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The Value of Shared Values

A talent executive tells his tale of the rewards that come with CR initiatives.

By Debbie Bolla 
Passion is a driving force behind David Heath’s professional and personal life. It’s one of the main reasons he joined Alexander Mann Solutions (AMS) five years ago. The director of international business and people capital says he wanted to wake up in the morning and actually look forward to going to work.
“I’m very passionate about what I do. I don’t think there is any point to coming to work unless you enjoy what you are doing,” he says. “I wanted to work in a company that offered the ability to influence the future.”
It was the values of AMS that first attracted the HR executive, who has a long track record in the industry. Heath left a position after 10 years to join the growing U.K.-based recruitment process outsourcing organization. He credits CEO Rosaleen Blair with articulating the company’s value proposition.
“Rosaleen set up a vision for the company, and I bought into that vision,” he recalls. “Everyone I met were people that have a shared set of values. Values are very important to me, I live my life by clear values, and I would not work for a company that didn’t share those values.”
A hallmark of the company is its commitment to corporate responsibility (CR). Fittingly, one of its philanthropies of choice works in the talent sector. Tomorrow’s People is a charitable organization committed to helping unemployed people land and keep sustainable jobs. From climbing mountains to interview training, AMS encourages employees to give back in ways that work for them.
Taking that to heart, Heath says he was inspired to take that zest for volunteering outside of work and combine it with a long-time hobby: cycling.
“My brother’s wife died a couple of years ago from cancer, and I wanted to do something outside of work for a major cancer charity,” he explains. “So it was obvious to me to do something with cycling to raise money.”
For Heath, that meant go big, or go home. He chose the Skyride London to Paris Challenge, a charity bike race spanning four days and nearly 500 kilometres. His charity of choice was CLIC Sargent, a U.K.-based cancer charity that provides clinical, financial, and emotional support to children and their families.

Heath would be the first to say that he is no Lance Armstrong. “For me, this was about challenging myself at a point in my life where I think I had become a little bit lazy and I wasn’t doing much exercise,” he says. “But I would like to say whatever I do, I do to my best ability and throw myself in. There was no way I was going to fail or not complete it. I was so passionate about doing it and completing it. It was very, very tough and right at the edge of my capability.”
Heath says that the amount of riding per day that he was required to train was a huge jump from what he was used to. “I couldn’t ride five miles without feeling absolutely shattered when I started,” he says. He trained gradually, building up from five to 10 to 20 to 50 miles per day to be prepared for the 100-mile per day journey. To get in shape for this event required five months of training. So he turned to his colleagues for their support and even persuaded a fellow cycling enthusiast to join—a much younger and fitter gentleman, Heath points out.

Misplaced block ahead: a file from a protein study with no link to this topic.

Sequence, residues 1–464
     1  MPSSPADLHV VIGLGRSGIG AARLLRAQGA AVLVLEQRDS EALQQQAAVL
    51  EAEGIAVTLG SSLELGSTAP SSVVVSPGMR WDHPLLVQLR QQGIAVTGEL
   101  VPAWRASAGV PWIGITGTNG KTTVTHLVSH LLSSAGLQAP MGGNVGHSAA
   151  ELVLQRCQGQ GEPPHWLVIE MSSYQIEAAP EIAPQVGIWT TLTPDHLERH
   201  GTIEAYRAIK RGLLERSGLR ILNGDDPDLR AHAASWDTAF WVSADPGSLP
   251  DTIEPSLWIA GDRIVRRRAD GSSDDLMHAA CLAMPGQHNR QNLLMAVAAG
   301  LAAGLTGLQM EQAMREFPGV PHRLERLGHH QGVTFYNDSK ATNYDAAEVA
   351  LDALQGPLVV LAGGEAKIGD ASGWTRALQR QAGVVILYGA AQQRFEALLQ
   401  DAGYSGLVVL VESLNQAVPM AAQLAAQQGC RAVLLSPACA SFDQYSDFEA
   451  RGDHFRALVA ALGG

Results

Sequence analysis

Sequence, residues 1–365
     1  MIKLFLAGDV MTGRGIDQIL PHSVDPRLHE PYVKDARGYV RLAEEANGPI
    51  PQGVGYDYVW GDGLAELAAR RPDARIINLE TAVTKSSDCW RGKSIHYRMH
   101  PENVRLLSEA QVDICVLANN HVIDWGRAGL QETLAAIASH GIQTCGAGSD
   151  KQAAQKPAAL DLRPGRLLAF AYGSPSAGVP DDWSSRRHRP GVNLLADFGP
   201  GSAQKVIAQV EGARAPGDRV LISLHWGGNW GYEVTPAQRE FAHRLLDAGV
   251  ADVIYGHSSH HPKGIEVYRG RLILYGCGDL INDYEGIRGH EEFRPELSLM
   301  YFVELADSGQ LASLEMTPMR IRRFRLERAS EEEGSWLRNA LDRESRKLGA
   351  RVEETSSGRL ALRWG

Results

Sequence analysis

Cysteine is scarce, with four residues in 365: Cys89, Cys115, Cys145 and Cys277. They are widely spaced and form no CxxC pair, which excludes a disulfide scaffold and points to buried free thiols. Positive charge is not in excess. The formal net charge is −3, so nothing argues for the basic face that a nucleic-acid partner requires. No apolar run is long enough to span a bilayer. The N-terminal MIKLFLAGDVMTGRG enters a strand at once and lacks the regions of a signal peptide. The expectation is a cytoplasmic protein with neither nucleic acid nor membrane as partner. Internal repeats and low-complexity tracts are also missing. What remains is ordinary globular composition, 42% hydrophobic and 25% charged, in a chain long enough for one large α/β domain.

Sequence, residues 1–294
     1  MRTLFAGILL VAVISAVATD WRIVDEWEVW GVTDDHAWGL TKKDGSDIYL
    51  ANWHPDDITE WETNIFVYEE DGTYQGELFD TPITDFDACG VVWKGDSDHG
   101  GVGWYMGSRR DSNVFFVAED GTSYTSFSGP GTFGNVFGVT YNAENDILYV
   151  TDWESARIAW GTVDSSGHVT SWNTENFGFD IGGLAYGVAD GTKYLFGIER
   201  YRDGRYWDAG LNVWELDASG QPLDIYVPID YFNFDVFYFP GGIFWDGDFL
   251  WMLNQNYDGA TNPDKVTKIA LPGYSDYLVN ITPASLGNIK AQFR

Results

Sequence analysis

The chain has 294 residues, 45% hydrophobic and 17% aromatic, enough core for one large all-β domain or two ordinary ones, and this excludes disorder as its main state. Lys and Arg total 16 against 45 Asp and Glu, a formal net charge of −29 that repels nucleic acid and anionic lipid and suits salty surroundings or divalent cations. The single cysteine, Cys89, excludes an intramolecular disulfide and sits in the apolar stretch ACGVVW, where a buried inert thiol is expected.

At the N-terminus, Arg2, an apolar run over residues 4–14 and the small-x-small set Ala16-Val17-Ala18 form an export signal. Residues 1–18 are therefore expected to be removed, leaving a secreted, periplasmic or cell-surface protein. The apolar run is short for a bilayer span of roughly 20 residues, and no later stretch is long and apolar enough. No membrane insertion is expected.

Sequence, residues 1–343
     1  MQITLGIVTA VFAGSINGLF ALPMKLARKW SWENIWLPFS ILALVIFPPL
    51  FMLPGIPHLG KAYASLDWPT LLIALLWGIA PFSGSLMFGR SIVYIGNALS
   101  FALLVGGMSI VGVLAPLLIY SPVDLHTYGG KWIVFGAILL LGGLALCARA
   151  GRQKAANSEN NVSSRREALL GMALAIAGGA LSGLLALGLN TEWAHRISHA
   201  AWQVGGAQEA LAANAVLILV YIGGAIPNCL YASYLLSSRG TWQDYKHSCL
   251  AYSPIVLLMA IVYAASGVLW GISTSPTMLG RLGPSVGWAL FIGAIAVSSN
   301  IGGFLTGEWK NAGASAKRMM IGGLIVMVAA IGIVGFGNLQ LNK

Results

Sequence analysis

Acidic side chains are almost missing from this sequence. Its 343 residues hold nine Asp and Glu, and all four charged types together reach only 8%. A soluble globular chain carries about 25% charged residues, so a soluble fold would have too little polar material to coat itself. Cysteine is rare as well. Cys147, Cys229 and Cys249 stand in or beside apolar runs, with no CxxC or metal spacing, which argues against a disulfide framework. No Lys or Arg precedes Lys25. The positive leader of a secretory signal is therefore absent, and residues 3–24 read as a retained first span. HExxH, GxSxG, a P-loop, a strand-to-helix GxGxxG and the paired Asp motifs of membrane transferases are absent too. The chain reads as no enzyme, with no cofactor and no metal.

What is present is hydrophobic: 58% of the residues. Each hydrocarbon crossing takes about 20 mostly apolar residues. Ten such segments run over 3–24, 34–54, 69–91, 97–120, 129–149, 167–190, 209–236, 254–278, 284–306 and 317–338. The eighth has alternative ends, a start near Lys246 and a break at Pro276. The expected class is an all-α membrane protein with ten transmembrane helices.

The four-day trek was exactly that: a trek through the hilly countrysides of England and France. And the weather was no friend, lending its share of wind and rain on the nearly 130 bikers. But the elements made the ride to the finish at the Eiffel Tower even more rewarding.
“At the end of the ride, people were clapping for us, and there was a lot of emotion,” Heath says. “For me and my colleague, in typical British fashion, we shook hands and went for a drink.”
Proud of his accomplishment—finishing the race and raising $4000£— Heath was encouraged to do another race, next time in South Africa. Heath points to AMS as a guiding factor behind his decision to take it on.
“From day one, I knew that AMS would support me. It’s just that type of company,” he says. “As a company, we encourage individuals to give back, and we try to make it the backbone of our ethos.”
Support was shown in numerous ways, including financial donations, training tips, and most importantly time to train. “AMS is not about specific hours like 9 to 5, but is more focussed about getting the job done. I could manage my diary around training.”
An organization like AMS assumes that allowing its employees to “do good” does “well” for the company. In an uncertain economic environment, it’s becoming more and more common for top talent to seek companies that fulfill more than just career goals.

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